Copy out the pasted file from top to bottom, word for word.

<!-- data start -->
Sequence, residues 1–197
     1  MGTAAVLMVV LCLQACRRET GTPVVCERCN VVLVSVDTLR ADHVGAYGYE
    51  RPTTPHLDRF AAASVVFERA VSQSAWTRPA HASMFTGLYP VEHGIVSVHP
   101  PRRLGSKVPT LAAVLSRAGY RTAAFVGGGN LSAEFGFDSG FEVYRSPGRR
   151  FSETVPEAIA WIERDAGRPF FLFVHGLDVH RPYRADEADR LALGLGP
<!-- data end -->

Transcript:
Sequence, residues 1–197
     1  MGTAAVLMVV LCLQACRRET GTPVVCERCN VVLVSVDTLR ADHVGAYGYE
    51  RPTTPHLDRF AAASVVFERA VSQSAWTRPA HASMFTGLYP VEHGIVSVHP
   101  PRRLGSKVPT LAAVLSRAGY RTAAFVGGGN LSAEFGFDSG FEVYRSPGRR
   151  FSETVPEAIA WIERDAGRPF FLFVHGLDVH RPYRADEADR LALGLGP